December's cold snap has wreaked havoc in my garden. The salvia's especially hard-hit, except for one bush. Half is shriveled and lifeless. The other half, nestled next to the house and under the eaves, is thriving.
As I survey the damage, my thoughts turn to the current debate on poverty. Are we as a nation doing too much -- creating a culture of dependency? Or too little -- abandoning those who need help? Are the poor lazy and deficient, or held back by circumstances beyond their control?
My salvia provides some answers. The difference between its withered and thriving halves has nothing to do with hard work or character, simply that one part benefitted from a little extra shelter and warmth while another was literally left out in the cold.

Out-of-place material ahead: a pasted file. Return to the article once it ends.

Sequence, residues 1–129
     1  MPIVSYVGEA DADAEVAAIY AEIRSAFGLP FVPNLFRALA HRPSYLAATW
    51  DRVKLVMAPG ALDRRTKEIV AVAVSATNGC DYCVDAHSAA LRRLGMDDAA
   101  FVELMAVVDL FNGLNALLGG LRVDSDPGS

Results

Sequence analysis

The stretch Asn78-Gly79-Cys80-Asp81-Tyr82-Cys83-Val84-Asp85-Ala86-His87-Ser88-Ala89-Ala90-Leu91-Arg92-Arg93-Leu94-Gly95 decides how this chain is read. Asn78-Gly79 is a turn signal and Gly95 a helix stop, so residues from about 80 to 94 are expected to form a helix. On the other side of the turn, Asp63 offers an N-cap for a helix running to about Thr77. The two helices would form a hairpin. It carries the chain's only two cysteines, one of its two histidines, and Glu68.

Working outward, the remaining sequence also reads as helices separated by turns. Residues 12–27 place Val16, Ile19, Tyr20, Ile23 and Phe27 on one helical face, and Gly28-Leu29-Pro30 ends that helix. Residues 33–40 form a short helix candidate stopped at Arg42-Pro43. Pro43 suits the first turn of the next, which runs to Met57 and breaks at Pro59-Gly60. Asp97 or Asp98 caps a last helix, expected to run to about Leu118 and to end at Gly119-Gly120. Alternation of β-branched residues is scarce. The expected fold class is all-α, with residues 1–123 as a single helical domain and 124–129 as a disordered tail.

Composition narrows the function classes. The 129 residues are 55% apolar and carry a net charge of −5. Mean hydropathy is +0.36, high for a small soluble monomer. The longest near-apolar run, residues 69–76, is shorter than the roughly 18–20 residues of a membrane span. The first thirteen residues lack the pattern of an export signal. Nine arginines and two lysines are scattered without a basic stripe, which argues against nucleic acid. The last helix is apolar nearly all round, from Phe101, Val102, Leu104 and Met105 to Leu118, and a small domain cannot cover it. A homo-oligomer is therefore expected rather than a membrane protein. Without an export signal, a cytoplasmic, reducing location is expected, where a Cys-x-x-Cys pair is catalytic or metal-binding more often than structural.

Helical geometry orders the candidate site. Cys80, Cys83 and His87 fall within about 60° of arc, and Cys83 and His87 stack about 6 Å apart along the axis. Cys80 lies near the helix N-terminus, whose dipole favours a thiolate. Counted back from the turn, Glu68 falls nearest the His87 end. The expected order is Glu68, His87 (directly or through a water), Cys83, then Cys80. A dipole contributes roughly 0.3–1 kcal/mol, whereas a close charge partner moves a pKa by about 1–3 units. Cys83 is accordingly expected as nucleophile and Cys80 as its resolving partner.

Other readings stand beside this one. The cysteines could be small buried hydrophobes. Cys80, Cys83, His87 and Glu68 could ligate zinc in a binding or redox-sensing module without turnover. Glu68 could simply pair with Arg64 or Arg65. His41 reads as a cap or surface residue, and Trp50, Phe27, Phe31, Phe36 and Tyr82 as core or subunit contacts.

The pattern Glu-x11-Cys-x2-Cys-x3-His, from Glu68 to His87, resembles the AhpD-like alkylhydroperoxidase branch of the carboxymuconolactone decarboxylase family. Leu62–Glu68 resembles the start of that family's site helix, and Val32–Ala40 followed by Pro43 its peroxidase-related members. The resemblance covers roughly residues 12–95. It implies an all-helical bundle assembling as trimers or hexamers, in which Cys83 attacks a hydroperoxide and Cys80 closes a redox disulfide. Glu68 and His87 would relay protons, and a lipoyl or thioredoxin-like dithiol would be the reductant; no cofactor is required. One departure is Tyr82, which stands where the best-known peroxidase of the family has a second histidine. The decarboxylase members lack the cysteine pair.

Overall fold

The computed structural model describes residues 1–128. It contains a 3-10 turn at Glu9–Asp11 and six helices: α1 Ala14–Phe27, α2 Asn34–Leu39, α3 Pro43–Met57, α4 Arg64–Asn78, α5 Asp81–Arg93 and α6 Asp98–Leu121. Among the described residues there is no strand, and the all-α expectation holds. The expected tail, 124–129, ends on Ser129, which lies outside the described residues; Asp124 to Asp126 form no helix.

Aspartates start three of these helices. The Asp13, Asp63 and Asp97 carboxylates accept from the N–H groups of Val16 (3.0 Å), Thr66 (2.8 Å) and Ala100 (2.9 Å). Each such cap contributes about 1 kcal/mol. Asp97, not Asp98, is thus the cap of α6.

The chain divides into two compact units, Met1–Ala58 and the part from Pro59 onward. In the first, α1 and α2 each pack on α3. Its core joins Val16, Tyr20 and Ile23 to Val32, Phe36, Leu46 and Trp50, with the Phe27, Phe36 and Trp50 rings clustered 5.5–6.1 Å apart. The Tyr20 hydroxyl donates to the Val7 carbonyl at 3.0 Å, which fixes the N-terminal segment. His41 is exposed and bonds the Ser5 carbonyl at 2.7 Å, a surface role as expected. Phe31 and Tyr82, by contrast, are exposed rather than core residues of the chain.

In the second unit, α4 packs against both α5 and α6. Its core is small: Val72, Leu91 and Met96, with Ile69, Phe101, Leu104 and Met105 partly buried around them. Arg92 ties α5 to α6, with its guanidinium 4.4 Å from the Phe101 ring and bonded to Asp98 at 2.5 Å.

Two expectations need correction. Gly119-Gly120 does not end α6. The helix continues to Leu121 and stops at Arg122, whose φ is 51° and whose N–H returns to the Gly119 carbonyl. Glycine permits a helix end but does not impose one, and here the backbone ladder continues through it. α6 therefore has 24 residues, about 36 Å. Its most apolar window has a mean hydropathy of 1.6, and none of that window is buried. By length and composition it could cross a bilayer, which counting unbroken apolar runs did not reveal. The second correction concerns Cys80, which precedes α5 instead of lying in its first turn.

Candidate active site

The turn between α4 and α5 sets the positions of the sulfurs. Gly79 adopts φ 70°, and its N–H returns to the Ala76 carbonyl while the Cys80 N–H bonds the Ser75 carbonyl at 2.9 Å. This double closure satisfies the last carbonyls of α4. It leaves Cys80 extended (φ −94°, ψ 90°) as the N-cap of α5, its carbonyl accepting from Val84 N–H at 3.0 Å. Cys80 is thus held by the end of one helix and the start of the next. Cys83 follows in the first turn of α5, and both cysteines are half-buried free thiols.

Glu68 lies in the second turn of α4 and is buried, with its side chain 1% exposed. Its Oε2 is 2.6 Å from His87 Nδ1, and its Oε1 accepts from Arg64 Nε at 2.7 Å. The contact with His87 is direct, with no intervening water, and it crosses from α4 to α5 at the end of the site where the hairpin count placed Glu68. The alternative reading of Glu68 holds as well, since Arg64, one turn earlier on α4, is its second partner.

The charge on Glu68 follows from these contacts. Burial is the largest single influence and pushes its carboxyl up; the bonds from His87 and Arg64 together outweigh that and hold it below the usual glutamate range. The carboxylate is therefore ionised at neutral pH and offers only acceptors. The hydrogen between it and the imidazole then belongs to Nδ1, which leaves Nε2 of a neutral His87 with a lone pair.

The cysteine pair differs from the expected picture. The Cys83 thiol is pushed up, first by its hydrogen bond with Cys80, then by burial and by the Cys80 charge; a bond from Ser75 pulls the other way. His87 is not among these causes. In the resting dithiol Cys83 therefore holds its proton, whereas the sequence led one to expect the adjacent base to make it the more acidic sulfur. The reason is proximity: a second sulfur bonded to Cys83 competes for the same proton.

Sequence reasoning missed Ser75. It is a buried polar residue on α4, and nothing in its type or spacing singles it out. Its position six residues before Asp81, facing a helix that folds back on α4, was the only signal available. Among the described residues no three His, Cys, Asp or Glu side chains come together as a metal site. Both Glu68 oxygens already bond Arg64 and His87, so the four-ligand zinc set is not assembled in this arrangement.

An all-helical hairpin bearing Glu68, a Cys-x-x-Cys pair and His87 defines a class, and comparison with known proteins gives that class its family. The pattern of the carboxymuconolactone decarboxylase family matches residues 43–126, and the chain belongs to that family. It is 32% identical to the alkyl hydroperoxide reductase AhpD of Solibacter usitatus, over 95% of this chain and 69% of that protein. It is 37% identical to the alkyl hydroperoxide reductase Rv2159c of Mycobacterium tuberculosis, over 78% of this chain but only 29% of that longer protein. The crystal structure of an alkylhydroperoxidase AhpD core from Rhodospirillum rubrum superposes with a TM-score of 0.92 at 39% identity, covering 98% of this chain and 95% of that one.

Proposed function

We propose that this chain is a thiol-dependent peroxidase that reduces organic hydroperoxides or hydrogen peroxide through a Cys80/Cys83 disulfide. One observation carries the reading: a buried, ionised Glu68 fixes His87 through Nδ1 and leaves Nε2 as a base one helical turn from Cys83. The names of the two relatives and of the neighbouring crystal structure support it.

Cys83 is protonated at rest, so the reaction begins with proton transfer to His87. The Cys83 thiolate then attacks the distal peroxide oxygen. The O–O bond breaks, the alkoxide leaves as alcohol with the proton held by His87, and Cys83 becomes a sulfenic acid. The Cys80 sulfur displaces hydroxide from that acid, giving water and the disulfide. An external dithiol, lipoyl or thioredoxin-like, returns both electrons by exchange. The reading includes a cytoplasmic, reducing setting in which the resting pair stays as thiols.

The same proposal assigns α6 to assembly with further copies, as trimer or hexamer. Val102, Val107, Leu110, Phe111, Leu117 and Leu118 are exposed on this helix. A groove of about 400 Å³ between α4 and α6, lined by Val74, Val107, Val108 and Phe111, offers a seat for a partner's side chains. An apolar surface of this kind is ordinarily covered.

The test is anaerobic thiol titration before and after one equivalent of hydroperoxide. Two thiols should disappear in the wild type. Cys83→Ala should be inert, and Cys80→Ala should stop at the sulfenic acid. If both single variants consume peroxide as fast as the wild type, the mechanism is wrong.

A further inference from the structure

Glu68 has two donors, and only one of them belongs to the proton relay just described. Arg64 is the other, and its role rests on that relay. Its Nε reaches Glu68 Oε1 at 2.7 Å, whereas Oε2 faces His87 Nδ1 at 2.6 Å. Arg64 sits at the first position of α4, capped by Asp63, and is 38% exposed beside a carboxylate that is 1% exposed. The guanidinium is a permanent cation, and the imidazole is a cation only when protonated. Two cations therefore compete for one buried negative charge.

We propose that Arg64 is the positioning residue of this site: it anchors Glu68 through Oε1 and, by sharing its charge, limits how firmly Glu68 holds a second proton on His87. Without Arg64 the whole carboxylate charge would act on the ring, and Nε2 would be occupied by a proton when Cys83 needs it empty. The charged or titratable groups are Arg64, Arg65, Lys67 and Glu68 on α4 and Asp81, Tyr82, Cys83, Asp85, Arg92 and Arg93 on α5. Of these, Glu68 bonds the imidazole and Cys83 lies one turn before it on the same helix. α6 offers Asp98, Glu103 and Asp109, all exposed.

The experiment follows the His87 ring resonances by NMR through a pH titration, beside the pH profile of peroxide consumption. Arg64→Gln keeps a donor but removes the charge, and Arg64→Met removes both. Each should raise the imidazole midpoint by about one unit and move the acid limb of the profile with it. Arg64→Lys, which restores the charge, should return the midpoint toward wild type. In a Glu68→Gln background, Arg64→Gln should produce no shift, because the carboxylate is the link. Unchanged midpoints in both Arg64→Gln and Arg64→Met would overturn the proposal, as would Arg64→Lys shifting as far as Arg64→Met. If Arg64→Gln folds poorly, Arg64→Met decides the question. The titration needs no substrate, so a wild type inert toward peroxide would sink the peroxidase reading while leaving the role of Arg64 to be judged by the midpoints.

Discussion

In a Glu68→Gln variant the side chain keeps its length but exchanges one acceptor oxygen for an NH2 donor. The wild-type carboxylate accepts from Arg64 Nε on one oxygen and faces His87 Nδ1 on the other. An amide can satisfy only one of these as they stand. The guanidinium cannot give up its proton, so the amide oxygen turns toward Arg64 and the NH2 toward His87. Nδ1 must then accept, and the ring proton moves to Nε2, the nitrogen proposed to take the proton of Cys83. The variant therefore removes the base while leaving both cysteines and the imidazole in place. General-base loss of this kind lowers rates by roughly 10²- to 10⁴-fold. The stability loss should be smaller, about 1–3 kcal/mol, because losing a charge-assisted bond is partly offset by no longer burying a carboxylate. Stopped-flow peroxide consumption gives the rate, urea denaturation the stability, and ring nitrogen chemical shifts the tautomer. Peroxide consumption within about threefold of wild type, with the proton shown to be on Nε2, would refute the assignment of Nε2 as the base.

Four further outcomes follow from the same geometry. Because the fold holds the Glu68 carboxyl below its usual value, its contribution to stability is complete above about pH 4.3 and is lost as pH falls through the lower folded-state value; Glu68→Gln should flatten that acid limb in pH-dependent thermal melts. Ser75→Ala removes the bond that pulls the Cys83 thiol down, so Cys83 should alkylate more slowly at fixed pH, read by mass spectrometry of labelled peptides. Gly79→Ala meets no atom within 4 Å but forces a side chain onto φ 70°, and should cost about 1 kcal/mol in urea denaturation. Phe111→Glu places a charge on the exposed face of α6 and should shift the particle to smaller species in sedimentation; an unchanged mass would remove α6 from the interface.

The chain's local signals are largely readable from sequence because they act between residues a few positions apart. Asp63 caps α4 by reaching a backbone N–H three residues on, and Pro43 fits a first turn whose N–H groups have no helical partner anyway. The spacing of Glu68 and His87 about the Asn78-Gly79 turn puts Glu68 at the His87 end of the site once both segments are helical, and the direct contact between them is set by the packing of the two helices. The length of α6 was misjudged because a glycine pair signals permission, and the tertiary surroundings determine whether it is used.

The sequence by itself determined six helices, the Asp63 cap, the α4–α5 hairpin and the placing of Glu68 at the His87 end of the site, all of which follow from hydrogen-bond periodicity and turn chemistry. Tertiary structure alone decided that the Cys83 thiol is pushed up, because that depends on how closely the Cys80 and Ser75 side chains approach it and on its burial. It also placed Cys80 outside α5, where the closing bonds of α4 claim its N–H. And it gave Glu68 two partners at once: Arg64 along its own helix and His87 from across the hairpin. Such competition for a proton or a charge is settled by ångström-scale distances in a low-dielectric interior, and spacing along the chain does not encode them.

Just as it's clear that protection from extreme hardship helped the plant, evidence is compelling that, by and large, anti-poverty programs work. Food stamps save millions of Americans from hunger. Unemployment benefits keep families afloat. Medicaid improves health. Not only do such programs provide an immediate lifeline, they also improve long-term outcomes, especially for children, who can suffer life-long effects from the toxic stress of poverty.
Yet unemployment benefits have run out for 1.6 million Americans. Further cuts to food stamps loom. Nearly half the states have refused to expand Medicaid. In some quarters, the war on poverty has turned into a war on the poor.